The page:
Cardi B Sparks Controversy: Men Should Pay More Than Women On Valentine’s Day


Rapper Cardi B generated some controversy online when she asserted that men should pay more than women on Valentine’s Day.

Last Thursday, the “WAP” singer exclaimed that even though men deserve gifts on the special day, they should spend more money on gifts for their significant other.“Yes ! Men do deserve to get gift as well for Valentine’s Day, but the gift have to be less expensive then the girls gift,” she tweeted. “Soo if he buys you flowers you buy him grass.”As reported by Fox News, Twitter users either criticized Cardi B for perpetuating classic gender stereotypes or for suggesting how much money people should spend from the comforts of her wealthy position as a celebrity. The following day, she boasted about the many gifts her husband Offset has lavished on her.

“Ok so due to my Vday tweet men came on my twitter roasting me sayin ‘but you bought your man a lambo’ but remember…I got 550K ring on my left hand, 400k ring on my right, Thousands of dollars In Birkins, soo much jewelry, a lambo truck and rollsRoyce truck we even in gifts,” she wrote.

“So if ya don’t like the flowers & grass comparisons let me give ya one that make men happy.If you buy her thousand dollars Louboutin heels she should buy you a ps5 that’s around 550$ .It’s fair …now if you think your gift should cost more then ur girl gift you are just a b***h.” she added.

As The Daily Wire reported in December, National Public Radio (NPR) named Cardi B’s “WAP” the best song of 2020 prior to the New Year and chastised its critics as moral crusaders.

“Cardi B dropped exactly one song this year, but after ‘WAP,’ any more might have been overkill. Raunchy, fun and infinitely quotable, she joins Megan Thee Stallion for a shameless ode to, well, wet-ass p****, that flies in the face of those who might suggest these women’s sexuality is a shortcoming,” wrote Briana Younger. “At every turn, the two dare listeners to look away with a perfect storm of irresistible qualities: the familiar, through a prominent sample of Frank Ski’s Baltimore club classic ‘Whores in This House,’ the taboo in subject and attitude, the spectacle of unity between two of music’s brightest talents.”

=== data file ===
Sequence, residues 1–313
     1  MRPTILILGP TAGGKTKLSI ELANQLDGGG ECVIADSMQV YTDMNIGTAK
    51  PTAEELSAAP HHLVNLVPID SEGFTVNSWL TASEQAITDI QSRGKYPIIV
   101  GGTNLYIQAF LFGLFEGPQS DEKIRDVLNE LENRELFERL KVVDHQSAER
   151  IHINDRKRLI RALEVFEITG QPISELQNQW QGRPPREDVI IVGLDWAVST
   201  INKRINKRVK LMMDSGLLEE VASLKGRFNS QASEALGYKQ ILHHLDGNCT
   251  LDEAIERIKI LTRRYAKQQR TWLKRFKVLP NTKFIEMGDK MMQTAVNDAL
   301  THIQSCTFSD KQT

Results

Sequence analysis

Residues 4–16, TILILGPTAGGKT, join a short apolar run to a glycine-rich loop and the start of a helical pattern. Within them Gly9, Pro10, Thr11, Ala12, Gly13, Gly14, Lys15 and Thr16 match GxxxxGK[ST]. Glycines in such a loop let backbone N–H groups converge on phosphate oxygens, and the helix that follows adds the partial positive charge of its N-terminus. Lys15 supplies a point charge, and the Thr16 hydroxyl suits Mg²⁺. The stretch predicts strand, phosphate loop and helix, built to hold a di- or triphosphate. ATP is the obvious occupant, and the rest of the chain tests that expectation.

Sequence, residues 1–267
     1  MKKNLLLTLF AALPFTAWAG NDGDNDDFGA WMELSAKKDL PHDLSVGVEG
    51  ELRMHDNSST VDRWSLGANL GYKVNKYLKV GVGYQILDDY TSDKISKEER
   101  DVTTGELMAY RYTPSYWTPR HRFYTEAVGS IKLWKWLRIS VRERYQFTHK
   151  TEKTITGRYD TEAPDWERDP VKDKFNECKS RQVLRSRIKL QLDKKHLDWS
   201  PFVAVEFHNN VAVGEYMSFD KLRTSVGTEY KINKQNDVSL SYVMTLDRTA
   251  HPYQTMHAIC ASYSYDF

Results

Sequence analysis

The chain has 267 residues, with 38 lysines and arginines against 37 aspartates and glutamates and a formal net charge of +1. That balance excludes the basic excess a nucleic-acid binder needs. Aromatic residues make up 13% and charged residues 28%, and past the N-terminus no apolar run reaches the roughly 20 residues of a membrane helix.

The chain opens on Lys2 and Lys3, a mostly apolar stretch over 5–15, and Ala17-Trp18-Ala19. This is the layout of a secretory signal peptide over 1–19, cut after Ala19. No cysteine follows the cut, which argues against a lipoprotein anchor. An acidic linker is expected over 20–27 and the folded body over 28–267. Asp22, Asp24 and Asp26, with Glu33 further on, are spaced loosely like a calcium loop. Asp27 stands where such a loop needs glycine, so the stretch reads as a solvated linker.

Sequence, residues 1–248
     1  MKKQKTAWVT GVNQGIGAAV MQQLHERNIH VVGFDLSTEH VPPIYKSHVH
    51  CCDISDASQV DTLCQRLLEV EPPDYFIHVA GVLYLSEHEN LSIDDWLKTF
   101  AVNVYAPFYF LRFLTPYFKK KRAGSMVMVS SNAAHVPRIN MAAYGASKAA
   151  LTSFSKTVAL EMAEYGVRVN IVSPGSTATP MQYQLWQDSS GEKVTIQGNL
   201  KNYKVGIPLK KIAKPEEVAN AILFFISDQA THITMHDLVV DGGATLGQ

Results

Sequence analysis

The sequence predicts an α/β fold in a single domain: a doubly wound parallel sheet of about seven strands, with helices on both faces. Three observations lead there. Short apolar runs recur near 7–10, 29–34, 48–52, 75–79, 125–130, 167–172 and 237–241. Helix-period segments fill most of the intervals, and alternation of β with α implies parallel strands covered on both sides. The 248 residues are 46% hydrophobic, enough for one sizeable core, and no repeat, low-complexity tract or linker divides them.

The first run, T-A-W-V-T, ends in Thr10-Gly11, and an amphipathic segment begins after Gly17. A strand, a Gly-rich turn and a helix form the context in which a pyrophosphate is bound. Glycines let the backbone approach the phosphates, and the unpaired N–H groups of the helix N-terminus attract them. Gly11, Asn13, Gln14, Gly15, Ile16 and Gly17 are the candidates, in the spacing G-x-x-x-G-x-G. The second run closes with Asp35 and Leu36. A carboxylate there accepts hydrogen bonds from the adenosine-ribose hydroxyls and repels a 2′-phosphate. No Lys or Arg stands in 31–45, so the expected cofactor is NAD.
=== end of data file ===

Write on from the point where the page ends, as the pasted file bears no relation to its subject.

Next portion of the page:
“Meg is a more traditional stylist, whose voice oozes unassailable confidence, while Cardi is all theatrics and humor, effortlessly selling every last line, no matter how ridiculous (or anatomically incorrect) — a synergy that refracts the best qualities of one through the prism of the other,” she continued. “Together, they are magic.”

Younger then targeted the song’s critics, referring to them as “zealots and moral grandstanders.”

“To no one’s surprise, a pair of women honoring their own ladyparts and the pleasures they dish out and expect returned in spades drew the ire of the insecure, of zealots and moral grandstanders,” she wrote. “The backlash, however inseparable from the song’s cultural narrative, only bolsters the argument for its politics of pleasure. At its core, ‘WAP’ is Cardi and Meg’s assertion that their expression, both artistic and sexual, belongs to them and them alone.”

“Such a filthy bit of joy may be born of entertainment, but it persists as necessity — fake prudishness be damned,” she concluded.

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